17. Immunolocalization of a 110 kD molecule and a 150 kD molecule in rat incisor and mandibular bone.

    PubMed

    Chardin, H; Septier, D; Goldberg, M

    1991-03-01

    In the present study, antibodies against rat dental proteoglycans were used to characterize and localize the proteoglycans in rat incisor and mandibular tissues. Polyclonal rabbit antibodies were raised against a CPC-precipitated fraction of a sulfated dental extract. In unpurified dental extract these antibodies recognized two molecules of 110 kD and 150 kD. The 150 kD molecule was susceptible to chondroitinase ABC digestion but the 110 kD molecule resisted this enzymatic degradation. Immunocytochemically these two molecules were seen to be located in the pulp, the enamel organ and the mandibular bone. In each tissue only the periphery of the cells was stained and not the intracellular compartment. In the mineralized area of bone, dentin and forming enamel no staining was seen. These results indicate common epitopes in the proteoglycans from pulp, predentin, enamel organ and bone. Some differences were found in the nature of tooth and bone proteoglycans.

  18. Synchrotron X-ray diffraction characterization of healthy and fluorotic human dental enamel

    NASA Astrophysics Data System (ADS)

    Colaço, M. V.; Barroso, R. C.; Porto, I. M.; Gerlach, R. F.; Costa, F. N.; Braz, D.; Droppa, R.; de Sousa, F. B.

    2012-10-01

    With the introduction of fluoride as the main anticaries agent used in preventive dentistry, and perhaps an increase in fluoride in our food chain, dental fluorosis has become an increasing world-wide problem. Visible signs of fluorosis begin to become obvious on the enamel surface as opacities, implying some porosity in the tissue. The mechanisms that conduct the formation of fluorotic enamel are unknown, but should involve modifications in the basic physical-chemistry reactions of demineralization and remineralisation of the enamel of the teeth, which is the same reaction of formation of the enamel's hydroxyapatite (HAp) in the maturation phase. The increase of the amount of fluoride inside of the apatite will result in gradual increase of the lattice parameters. The aim of this work is to characterize the healthy and fluorotic enamel in human tooth using Synchrotron X-ray diffraction. All the scattering profile measurements were carried out at the X-ray diffraction beamline (XRD1) at the Brazilian Synchrotron Light Laboratory—LNLS, Campinas, Brazil. X-ray diffraction experiments were performed both in powder samples and polished surfaces. The powder samples were analyzed to obtain the characterization of a typical healthy enamel pattern. The polished surfaces were analyzed in specific areas that have been identified as fluorotic ones. X-ray diffraction data were obtained for all samples and these data were compared with the control samples and also with the literature data.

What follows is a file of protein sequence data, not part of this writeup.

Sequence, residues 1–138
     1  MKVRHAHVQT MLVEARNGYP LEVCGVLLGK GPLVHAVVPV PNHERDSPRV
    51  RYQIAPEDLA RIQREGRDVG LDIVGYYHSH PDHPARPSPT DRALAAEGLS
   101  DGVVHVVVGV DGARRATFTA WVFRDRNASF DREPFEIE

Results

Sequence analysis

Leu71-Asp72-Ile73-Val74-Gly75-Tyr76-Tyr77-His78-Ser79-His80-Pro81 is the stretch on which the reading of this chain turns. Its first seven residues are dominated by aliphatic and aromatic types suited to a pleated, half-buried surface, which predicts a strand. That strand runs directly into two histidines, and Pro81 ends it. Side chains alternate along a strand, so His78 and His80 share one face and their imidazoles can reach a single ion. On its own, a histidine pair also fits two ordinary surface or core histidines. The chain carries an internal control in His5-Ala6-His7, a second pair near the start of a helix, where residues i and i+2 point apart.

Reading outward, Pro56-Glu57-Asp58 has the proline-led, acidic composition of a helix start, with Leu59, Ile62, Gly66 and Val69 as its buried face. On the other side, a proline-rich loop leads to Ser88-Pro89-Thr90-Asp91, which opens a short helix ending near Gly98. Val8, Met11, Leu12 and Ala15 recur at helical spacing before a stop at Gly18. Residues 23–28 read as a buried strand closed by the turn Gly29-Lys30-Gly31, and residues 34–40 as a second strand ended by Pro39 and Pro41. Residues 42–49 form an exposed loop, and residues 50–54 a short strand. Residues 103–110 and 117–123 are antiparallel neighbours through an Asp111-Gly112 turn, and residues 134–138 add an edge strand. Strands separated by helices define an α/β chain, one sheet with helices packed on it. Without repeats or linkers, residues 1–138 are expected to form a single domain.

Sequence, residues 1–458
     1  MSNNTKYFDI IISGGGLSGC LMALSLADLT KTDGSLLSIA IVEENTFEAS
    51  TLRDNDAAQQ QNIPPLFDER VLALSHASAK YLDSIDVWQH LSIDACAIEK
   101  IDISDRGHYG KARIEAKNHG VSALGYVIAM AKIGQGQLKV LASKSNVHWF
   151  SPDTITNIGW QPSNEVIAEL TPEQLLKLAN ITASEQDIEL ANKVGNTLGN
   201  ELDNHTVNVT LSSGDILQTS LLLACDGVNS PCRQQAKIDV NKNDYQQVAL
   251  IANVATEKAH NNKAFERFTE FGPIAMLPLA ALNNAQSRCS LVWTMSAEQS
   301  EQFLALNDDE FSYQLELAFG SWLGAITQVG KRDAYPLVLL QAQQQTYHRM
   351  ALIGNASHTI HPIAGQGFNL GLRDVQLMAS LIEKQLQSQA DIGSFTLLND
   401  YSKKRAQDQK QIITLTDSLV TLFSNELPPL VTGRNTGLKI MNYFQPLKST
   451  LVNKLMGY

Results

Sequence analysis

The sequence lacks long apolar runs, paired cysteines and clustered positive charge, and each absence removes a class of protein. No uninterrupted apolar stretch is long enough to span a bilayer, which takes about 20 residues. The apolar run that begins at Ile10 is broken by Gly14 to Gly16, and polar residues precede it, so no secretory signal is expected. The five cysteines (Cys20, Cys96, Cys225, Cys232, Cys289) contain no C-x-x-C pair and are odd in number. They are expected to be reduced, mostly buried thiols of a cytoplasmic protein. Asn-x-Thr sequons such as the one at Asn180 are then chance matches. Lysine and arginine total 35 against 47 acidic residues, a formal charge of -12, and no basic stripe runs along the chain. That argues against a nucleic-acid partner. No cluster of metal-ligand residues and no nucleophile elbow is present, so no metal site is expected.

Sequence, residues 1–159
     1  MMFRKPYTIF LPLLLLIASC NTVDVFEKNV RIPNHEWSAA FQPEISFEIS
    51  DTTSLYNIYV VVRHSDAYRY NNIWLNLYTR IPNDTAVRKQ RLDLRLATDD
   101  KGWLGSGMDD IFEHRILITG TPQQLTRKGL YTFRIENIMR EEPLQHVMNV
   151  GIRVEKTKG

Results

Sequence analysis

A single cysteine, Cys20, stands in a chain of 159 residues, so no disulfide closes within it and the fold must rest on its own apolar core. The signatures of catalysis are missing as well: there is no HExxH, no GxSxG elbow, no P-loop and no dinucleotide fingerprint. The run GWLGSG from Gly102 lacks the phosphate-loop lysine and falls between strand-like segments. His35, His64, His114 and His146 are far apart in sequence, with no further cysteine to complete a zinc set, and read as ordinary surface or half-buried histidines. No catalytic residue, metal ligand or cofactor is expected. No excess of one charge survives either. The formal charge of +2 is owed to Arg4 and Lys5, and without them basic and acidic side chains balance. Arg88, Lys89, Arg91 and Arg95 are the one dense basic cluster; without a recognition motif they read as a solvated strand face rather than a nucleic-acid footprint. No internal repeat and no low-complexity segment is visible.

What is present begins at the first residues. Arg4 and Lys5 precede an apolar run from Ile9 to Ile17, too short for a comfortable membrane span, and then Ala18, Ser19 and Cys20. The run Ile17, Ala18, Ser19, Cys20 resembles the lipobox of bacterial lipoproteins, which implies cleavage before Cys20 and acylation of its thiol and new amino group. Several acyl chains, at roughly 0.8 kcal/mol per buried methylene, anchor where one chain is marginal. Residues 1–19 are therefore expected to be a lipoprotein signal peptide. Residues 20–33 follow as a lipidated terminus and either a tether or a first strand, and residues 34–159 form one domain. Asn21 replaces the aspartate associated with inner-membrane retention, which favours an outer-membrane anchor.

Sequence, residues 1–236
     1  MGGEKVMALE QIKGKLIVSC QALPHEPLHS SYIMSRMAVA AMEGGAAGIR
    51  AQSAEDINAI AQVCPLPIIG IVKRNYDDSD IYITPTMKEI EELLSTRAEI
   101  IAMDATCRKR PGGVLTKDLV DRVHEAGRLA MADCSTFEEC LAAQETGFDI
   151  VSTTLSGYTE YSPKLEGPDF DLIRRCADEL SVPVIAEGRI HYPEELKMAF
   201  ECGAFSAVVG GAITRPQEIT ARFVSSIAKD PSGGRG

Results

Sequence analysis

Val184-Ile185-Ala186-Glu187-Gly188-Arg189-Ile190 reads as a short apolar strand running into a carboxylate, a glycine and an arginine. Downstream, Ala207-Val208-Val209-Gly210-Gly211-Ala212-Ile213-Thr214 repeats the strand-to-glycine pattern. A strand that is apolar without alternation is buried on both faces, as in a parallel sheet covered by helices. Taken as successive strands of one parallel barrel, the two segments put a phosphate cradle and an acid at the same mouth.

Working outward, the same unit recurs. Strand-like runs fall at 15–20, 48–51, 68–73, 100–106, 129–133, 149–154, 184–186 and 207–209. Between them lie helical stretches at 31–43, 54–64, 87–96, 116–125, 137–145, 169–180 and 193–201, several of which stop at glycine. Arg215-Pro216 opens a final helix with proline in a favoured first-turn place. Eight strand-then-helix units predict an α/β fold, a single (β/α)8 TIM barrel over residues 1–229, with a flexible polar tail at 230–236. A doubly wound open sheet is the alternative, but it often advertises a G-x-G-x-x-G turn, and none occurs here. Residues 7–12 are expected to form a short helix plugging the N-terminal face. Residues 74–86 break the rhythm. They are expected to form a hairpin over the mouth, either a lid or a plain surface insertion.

19. Histological studies on the effects of tooth brushing on repair of alveolar bone after periodontal osseous surgery in the rat incisor.

    PubMed

    Agematsu, H; Watanabe, H; Fukayama, M; Yamamoto, H; Kanazawa, T; Kishiro, H; Miake, K

    1993-08-01

    The purpose of this study was to elucidate the effects of tooth brushing on repair of alveolar bone after periodontal osseous surgery in the labial alveolar bone of rat incisor. The surgery was performed on 24 Wistar rats divided into 2 groups: the experimental group, which was subjected to tooth brushing, and the control group, which was not. In the experimental group, daily tooth brushing was initiated at 4 weeks after surgery. The rats were sacrificed after 1 or 2 weeks of tooth brushing. Microradiographic, light and fluorescence microscopic examinations were made of sections of the alveolar bone and its surrounding tissue. After 1 week of tooth brushing, callus with a low degree of mineralization and with large, irregularly arranged, young osteocytes appeared in the superficial layer and crest portion of alveolar bone in the brushing region. Numerous blood vessels had invaded the callus. In this region, the height of osteoblasts on the callus surface increased. At the alveolar crest region, the callus was approximately 3 times thicker than in the superficial region. After 2 weeks of tooth brushing, modification had occurred in the callus; this region had evolved into developed bone with a compact matrix. These findings suggest that the intermittent mechanical stress of tooth brushing is useful in activating the cells of the alveolar periosteum and in stimulating bone formation.

  20. Effect of Tamarindus indica leaf powder on plasma concentrations of copper, zinc, and iron in fluorotic cows

    PubMed Central

    Samal, Pinaki; Patra, R. C.; Gupta, A. R.; Mishra, S. K.; Jena, D.; Satapathy, D.

    2016-01-01

    Aim: The main objective of the study was to determine the deleterious effect of fluoride on plasma trace minerals of fluorotic cattle and to evaluate the effect of Tamarindus indica leaf powder toward correction of the same. Materials and Methods: A total of 30 cattle exhibiting chronic sign of fluorosis and 10 healthy cattle from nonfluorotic area were incorporated in this study. Fluorotic cattle were divided into three equal groups consisting of 10 cattle each. Group I from fluoride free area served as healthy control. The Group II received no treatment and served as disease control. Groups III and IV were supplemented with tamarind leaf powder at 15 g and 30 g/day with feed for 60 days. Plasma mineral status was evaluated after 60 days of treatment with double beam atomic absorption spectrophotometer. Results: Statistical analysis of data revealed a significant (p<0.05) decrease in mean plasma copper (Cu) (0.344±0.007 ppm), zinc (Zn) (0.692±0.06 ppm), and iron (Fe) concentration (1.100±0.01 ppm) in fluorotic cattle in comparison to healthy cattle (0.58±0.010, 2.342±0.04, 1.406±0.04 ppm, respectively). Significant (p<0.05) increase in Cu, Zn, and Fe was recorded after supplementation of tamarind leaf powder to the fluorotic cattle. Conclusion: It was concluded that fluorotic cattle might be supplemented with T. indica leaf powder with feed for the correction of the decreased level of certain plasma minerals. PMID:27847422